All procedures were performed in a postabsorptive state. The study was performed according to the ethical requirements of our institution after obtaining informed consent. Typical AFL was incessant in 7 patients since the beginning of the study and was induced in the other 3 patients. Three diagnostic catheters, a duodecapolar Halo catheter (Cordis-Webster) around the tricuspid annulus, a decapolar catheter in the coronary sinus (CS), and a quadripolar catheter in the His bundle region, were introduced during every procedure. Entrainment studies were not performed.
A three-dimensional reconstruction of the biatrial activation pattern of AFL was made using the CARTO electroanatomic mapping system. A revised 4.2 version of the software was used, with the Smooth algorithm used for three-dimensional reconstruction. A maximal positive/negative value of the bipolar CS atrial electrogram, generally in bipole 5 to 6, was used as a reference electrogram. An INR value ≤1 and absence of LA clot or spontaneous echo contrast on transesophageal echocardiography (TEE) were prerequisites to performing a trans-septal puncture. Trans-septal puncture, guided by TEE, was performed by a standard technique using the Brockenbrough needle.11 Heparin was then given systemically. First, mapping of the LA was performed by introducing a Navistar (Cordis-Webster) catheter through a 8F Mullins sheath (Medtronic Inc). After completion of LA mapping, the trans-septal sheath was withdrawn and mapping was continued in the RA. A global activation map of both the atria was thus constructed. Electrograms obtained from different atrial sites, identified fluoroscopically, were tagged. On the left side, these sites included the pulmonary veins, LA appendage, along the mitral annulus, and on the superior, mid, and inferior atrial septum. On the right side, these sites included the superior vena cava (SVC), inferior vena cava (IVC), RA appendage, Bachmann’s bundle, different levels on the septum (including the site of trans-septal puncture in the fossa ovalis), His bundle, CS ostium, and along the tricuspid annulus, including the isthmus. Double potentials or fractionated electrograms were analyzed retrospectively. The activation maps were edited manually for valid annotation of the reference electrogram (particularly when mapping close to the AV annulus) and for stability criteria and activation timing of the acquired atrial electrograms. Reannotation of the acquired atrial electrograms was done in the best possible manner using both bipolar and unipolar electrograms. The definitive biatrial map was displayed as a solid isochronal activation and propagation map, for a global understanding of the propagation of the activation wave front, with reference to the labeled anatomic structures.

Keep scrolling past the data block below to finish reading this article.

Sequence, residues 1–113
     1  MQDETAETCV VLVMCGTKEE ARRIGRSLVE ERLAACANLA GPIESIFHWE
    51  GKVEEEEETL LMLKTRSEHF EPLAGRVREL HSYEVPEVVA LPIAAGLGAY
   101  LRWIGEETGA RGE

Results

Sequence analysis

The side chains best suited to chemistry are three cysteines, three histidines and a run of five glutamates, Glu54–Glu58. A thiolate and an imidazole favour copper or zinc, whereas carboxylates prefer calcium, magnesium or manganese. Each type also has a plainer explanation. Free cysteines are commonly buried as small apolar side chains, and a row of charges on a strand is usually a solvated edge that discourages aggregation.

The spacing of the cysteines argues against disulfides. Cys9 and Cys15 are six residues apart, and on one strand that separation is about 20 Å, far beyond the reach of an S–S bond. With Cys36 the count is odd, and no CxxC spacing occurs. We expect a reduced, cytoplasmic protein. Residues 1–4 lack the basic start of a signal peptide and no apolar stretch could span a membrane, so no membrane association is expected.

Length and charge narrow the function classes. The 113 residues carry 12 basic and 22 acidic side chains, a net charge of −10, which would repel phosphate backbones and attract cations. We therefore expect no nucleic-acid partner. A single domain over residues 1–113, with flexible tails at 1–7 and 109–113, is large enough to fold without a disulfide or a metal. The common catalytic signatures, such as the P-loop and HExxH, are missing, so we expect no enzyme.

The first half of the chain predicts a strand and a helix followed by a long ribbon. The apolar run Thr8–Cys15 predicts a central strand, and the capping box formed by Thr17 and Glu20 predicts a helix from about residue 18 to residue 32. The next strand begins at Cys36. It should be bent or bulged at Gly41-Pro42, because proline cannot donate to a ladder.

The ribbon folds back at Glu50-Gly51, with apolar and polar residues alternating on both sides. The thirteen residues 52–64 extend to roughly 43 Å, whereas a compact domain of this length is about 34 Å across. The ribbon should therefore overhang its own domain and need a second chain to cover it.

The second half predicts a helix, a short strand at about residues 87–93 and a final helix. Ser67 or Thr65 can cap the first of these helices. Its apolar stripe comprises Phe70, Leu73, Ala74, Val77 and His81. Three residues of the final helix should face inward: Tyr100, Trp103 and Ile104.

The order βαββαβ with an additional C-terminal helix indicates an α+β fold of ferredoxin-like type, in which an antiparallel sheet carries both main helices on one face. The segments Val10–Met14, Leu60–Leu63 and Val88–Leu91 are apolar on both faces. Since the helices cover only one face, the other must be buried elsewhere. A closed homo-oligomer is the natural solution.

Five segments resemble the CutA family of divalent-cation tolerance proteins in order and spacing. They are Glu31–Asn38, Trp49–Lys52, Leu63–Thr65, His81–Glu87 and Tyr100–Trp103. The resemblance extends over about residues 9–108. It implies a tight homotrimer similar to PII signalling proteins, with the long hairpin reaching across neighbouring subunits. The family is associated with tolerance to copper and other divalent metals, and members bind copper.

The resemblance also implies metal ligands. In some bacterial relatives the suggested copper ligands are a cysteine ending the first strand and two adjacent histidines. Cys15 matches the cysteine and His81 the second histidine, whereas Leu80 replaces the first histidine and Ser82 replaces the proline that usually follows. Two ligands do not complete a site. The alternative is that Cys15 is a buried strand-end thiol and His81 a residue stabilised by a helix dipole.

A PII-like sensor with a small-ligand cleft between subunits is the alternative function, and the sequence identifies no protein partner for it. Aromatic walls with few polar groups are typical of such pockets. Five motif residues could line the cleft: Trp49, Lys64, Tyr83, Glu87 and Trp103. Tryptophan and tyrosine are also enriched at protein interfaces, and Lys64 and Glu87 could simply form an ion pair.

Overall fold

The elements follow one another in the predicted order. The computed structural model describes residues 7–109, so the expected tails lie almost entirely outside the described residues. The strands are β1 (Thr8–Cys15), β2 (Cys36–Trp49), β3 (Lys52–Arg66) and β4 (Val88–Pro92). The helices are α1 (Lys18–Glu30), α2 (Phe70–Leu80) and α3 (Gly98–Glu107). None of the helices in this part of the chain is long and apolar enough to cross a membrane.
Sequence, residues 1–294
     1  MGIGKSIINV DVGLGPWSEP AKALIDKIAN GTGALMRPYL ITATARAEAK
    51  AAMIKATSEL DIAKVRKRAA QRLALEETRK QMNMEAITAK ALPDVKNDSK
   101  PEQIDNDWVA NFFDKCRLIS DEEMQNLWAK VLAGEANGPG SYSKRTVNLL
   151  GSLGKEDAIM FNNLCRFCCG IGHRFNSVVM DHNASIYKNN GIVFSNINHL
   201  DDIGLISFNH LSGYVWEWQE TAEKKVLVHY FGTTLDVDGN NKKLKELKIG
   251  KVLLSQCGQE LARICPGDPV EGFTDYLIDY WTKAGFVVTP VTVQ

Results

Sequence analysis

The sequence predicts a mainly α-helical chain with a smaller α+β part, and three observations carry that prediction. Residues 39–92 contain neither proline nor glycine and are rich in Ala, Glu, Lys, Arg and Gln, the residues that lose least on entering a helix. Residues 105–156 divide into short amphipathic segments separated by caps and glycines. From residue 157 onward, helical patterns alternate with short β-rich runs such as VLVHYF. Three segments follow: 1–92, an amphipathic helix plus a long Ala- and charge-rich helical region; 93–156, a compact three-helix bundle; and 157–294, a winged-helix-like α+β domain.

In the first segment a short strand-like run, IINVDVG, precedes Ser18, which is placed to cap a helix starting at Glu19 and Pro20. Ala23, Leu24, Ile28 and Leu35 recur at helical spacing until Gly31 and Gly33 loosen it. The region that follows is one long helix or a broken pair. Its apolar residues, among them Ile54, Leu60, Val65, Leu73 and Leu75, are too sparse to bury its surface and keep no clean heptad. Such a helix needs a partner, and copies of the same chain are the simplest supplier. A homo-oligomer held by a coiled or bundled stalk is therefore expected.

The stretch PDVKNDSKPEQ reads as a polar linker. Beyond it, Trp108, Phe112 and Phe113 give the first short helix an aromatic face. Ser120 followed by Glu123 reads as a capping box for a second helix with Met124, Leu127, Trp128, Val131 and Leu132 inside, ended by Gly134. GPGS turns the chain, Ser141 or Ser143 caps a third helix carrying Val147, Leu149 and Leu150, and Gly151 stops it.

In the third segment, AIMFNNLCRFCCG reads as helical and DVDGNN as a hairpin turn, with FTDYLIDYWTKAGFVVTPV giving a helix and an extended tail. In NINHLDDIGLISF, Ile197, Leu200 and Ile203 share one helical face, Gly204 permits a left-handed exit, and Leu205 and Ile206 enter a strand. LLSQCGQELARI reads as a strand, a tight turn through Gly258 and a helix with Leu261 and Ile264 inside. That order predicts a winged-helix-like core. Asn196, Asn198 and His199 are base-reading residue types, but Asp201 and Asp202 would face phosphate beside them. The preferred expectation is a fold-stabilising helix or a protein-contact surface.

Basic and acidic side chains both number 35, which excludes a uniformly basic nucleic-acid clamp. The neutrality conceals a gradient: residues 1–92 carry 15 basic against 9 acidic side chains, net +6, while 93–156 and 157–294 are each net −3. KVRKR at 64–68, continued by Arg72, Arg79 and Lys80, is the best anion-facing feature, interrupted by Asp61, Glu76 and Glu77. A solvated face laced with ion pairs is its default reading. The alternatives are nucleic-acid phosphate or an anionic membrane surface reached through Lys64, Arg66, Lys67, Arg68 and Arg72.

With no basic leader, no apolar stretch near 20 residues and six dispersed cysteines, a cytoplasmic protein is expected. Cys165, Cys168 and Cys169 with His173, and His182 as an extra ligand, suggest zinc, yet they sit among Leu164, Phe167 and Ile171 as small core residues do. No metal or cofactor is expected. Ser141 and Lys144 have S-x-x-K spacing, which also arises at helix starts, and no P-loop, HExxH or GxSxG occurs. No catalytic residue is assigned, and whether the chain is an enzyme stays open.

Biatrial activation was described using a new anatomically correct nomenclature proposed recently by Cosio et al.12 In short, propagation of the flutter wave front along the AV annuli was described along superior, inferior, septal, and anterior (tricuspid)/posterior (mitral) atrial walls (Figure 2A). Right and left sides of the atrial septum were mapped separately and described as such. Regional conduction times and velocities were determined.
Ablation was performed during AFL (n=3) or after restoring sinus rhythm (n=7). A conventional 8-mm-tip (n=6) or 4-mm-tip (n=1) (Cordis-Webster) or a Sidewinder (Bard, n=3) ablation catheter was used to deliver radiofrequency pulses. Bidirectional isthmus conduction block and AFL noninducibility were confirmed under isoproterenol infusion13,14 after ablating the posterior (n=8) or the septal (n=1) RAI. In the remaining patient, bidirectional block was not obtained. The posterior isthmus was successfully ablated using a saline-irrigated-tip catheter (ThermoCool, Cordis-Webster) during a repeat procedure.